Monday, 27 November 2006

Poe / Argento II

"Poe's major claim to fame is as the father of the short story. In November 1838 he published [...] 'How to Write a Blackwood Article'. This is a slight, rather wearying satire on the contemporary taste for 'sensation' stories, wherein the central character is found in a terrible predicament involving incarceration, torture or the threat of an awful death, his or her sensations as they happen being minutely described."

- John S. Whitly, Introduction to the Wordsworth Classics edition of Edgar Allan Poe's Tales of Mystery and Imagination.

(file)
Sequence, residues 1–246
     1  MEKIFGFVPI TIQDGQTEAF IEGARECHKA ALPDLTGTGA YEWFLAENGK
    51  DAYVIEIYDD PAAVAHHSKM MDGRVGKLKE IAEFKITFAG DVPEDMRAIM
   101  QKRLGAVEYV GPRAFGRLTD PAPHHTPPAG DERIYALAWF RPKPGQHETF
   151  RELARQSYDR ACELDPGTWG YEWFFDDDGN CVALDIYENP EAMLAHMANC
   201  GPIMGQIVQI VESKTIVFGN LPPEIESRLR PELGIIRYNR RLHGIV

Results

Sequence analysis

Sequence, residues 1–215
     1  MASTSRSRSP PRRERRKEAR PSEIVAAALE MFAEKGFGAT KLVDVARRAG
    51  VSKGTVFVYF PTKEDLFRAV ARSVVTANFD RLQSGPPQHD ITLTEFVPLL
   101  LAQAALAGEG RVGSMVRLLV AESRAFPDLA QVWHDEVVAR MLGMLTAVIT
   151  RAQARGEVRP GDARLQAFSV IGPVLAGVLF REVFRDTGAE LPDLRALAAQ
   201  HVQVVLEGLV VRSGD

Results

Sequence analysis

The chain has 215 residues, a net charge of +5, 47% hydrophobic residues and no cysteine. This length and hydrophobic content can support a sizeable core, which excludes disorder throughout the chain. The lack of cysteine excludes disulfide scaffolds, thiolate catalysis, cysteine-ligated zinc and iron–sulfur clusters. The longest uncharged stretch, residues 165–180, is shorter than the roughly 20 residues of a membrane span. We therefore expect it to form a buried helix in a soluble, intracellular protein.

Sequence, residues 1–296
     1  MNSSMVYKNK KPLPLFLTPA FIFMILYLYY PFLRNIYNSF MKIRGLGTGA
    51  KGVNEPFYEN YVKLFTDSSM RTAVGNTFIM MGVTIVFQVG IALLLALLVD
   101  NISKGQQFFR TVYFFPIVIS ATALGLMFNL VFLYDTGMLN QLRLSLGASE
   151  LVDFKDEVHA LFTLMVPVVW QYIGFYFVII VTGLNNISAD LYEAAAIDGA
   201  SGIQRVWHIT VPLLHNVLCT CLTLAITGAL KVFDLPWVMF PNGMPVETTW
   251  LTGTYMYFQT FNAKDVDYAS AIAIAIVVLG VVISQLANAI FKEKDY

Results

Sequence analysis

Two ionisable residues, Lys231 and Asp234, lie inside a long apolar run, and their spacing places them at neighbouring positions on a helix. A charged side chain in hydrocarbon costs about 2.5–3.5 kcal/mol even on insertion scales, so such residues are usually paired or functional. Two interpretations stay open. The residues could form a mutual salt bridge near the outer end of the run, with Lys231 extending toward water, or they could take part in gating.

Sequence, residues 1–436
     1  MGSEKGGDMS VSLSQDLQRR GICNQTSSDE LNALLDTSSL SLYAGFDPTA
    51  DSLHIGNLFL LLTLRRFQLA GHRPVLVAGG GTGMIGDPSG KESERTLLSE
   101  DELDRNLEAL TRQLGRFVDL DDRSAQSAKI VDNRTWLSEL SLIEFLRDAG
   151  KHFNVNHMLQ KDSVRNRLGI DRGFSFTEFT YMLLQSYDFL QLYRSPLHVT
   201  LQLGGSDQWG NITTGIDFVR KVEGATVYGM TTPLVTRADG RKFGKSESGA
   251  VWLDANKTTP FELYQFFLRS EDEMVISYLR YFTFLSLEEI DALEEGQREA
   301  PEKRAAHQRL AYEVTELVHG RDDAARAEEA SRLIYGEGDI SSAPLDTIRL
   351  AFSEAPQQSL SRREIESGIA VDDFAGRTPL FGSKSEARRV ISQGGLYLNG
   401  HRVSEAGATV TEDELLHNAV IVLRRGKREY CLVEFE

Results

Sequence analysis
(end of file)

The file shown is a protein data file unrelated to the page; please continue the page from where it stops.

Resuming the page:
What I think is interesting here is the line of descent this suggests, from this sensation story through to the early pre-narrative / Classical Hollywood style cinema of attractions and the sensation literature emphasised by Fritz Lang in relation to Dr Mabuse der Spieler, all the way to the attenuation of narrative logic in Argento in favour of the sensational and spectacular of the set-pieces.

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